Libertarian Party presidential candidate Gary Johnson, a former two-term (Republican) governor of New Mexico, appeared on Meet the Press this morning, talking with host Chuck Todd about what he called a "unique combination" of being fiscally conservative and socially liberal that he alone brings to Election 2016.
That's a simple, appealing message, especially in an election where the major-party candidates are disliked by large (and apparently growing) majorities of Americans. Johnson insisted that he was the "only skeptic at the table" when it came to recent overseas military interventions, that he would "sign off on any reduction in the federal government," and that we "always come down on the side of choice" in everything. As important, Johnson's spoke in the broad, big-vision strokes of a candidate while also being able to discuss specifics with ease. In today's political climate, inspiring confidence and trust is as much as a question of how you speak as what you say.
"The great middle of this country is libertarian. Most people are fiscally conservative and socially liberal," he said, adding later, "Our military interventions are having the unintended consequences of making things worse, not better." Johnson rushed to reject the notion that libertarians are isolationists, saying, "When we are attacked, we'll attack back. I reject the notion that libertarians are isolationists." But in a move that draws a distinction between Hillary Clinton, who seems uninterested in the question, and Donald Trump, who seems to have never read the Constitution, Johnson also insisted: "Let's involve Congress in declarations of war."
There was this notable exchange:
Todd: What is the role of government in your view?
Johnson: Less government. Smaller government. Government tries to do too many things.
When asked to define what is government should do, Johnson replied, "Protect us against individuals, corporations, brutes, foreign governments." He added, "I think we should provide a safety net, I just think we've gone way over the line in defining need. If we don't reform Medicaid and Medicare, we're going to find ourselves unable to provide that."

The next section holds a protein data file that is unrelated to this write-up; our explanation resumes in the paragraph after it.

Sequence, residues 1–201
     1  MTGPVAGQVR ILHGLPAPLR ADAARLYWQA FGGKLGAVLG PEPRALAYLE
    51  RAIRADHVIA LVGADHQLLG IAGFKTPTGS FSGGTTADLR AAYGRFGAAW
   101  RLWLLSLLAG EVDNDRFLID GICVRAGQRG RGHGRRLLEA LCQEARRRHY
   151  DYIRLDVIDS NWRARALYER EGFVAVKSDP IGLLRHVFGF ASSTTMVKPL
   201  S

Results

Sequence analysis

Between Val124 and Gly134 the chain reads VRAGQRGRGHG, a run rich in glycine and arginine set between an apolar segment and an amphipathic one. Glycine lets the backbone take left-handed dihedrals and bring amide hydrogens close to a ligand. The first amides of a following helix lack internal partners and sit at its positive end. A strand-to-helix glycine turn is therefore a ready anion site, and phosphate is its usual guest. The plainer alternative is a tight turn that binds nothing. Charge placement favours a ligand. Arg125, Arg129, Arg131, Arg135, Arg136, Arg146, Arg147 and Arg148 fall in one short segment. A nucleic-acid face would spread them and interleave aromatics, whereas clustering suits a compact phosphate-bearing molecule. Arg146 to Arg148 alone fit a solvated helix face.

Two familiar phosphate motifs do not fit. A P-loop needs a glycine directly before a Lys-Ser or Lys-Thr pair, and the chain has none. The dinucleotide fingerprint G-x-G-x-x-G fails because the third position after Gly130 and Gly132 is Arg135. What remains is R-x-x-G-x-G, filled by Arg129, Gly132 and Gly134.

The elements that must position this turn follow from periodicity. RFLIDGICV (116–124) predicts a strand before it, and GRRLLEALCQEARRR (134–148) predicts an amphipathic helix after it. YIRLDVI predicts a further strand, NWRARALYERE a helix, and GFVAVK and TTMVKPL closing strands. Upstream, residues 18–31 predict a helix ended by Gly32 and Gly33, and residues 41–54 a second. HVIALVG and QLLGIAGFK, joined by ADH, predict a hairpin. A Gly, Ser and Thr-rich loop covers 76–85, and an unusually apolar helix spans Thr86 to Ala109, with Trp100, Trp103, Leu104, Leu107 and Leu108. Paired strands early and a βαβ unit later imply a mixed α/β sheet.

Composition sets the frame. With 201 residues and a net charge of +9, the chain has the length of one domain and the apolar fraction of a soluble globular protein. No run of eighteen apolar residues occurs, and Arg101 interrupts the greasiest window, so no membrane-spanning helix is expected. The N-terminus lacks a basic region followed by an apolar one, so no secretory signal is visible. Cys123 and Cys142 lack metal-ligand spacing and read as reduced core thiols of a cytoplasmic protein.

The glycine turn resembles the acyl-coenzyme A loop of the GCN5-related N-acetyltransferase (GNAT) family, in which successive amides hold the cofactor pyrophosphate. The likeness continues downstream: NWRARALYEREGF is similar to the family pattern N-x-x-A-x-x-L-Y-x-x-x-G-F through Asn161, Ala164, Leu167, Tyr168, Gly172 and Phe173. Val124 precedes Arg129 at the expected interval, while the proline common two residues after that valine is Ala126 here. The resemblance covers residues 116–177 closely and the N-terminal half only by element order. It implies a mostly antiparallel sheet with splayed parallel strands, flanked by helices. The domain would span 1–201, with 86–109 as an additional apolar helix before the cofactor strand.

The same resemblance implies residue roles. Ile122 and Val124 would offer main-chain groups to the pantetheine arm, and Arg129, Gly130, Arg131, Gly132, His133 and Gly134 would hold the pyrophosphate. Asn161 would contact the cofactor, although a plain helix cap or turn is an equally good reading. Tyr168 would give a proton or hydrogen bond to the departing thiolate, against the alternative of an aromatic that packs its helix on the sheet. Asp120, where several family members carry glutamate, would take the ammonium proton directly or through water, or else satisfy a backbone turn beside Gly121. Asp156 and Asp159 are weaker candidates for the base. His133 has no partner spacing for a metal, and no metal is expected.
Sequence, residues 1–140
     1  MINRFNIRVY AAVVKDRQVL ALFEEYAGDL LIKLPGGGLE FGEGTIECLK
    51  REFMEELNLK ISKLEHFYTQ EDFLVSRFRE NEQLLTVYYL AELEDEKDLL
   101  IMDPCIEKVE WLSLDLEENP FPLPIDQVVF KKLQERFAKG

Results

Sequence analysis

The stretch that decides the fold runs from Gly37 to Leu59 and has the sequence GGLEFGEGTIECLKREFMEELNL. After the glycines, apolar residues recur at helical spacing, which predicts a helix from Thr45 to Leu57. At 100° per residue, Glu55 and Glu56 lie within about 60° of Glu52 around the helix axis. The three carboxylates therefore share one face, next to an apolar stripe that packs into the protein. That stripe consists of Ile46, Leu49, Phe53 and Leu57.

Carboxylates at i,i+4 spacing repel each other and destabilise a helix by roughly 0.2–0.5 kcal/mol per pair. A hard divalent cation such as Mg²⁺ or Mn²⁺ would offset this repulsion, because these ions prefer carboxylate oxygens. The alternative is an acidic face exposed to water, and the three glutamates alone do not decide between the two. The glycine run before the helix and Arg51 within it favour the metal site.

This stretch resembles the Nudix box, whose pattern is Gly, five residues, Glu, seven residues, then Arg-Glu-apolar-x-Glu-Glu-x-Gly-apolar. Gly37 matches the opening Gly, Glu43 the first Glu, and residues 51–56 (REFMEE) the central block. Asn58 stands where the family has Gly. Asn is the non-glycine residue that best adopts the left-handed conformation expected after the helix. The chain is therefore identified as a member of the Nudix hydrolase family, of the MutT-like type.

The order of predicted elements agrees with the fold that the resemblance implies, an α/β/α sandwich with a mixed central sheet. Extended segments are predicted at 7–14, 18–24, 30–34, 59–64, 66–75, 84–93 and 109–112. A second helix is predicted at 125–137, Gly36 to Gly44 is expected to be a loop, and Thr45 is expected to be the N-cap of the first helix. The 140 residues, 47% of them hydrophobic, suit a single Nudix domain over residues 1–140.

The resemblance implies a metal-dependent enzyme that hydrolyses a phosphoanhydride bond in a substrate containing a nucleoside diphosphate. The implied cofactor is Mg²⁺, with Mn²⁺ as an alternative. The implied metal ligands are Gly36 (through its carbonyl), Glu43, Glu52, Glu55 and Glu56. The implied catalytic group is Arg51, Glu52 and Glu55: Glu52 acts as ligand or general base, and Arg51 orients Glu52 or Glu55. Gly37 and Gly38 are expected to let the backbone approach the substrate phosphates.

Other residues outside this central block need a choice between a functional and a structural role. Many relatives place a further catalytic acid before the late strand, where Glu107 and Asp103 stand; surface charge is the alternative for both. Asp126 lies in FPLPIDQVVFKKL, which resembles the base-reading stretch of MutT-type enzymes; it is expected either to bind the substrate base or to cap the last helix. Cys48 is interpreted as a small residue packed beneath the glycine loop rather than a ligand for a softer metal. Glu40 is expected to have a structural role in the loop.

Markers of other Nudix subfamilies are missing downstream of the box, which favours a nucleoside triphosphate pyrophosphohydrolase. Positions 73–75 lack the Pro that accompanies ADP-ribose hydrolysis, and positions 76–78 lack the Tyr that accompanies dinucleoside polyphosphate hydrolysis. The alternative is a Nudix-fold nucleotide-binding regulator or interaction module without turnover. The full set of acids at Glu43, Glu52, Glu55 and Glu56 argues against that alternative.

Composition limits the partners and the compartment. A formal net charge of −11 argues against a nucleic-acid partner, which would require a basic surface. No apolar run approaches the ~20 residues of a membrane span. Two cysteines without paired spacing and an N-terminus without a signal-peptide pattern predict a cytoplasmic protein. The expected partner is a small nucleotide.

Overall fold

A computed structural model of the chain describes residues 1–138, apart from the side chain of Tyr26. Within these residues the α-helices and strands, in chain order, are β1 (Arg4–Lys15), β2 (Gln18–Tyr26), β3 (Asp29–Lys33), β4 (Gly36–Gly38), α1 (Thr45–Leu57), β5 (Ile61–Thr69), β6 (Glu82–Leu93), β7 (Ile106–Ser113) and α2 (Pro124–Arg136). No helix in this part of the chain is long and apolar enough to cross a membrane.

Johnson rejected the idea that he was a spoiler, noting that recent analysis of polls that included him in a three-way race with Trump and Clinton he drew "from both sides," and that he is the only alternative candidate who will be on the ballot in all 50 states.
"All this talk about third parties," he said. "Well, I'm it."
If Johnson is going to bring libertarian sensibilities to the masses, he's off to a pretty good start.
According to the Huffington Post's poll aggregator, Hillary Clinton and Donald Trump both have disapproval ratings in the mid- to high 50s. Various polls show around half of all voters say they will consider a "generic" third-party candidate, a number that will certainly change as voters get more worried or disgusted by the major-party candidates.
Well, that's a generic candidate. If Johnson is right—and I think he is generally is—that most Americans are socially tolerant and fiscally responsible, his particular message could have more resonance than, say, that of the Green Party (which is for more government involvement in everyday life).
A week ago, I talked with NPR's Scott Simon about libertarianism, the LP, and Gary Johnson's rise in an age of alienated voters. Listen below or read more here.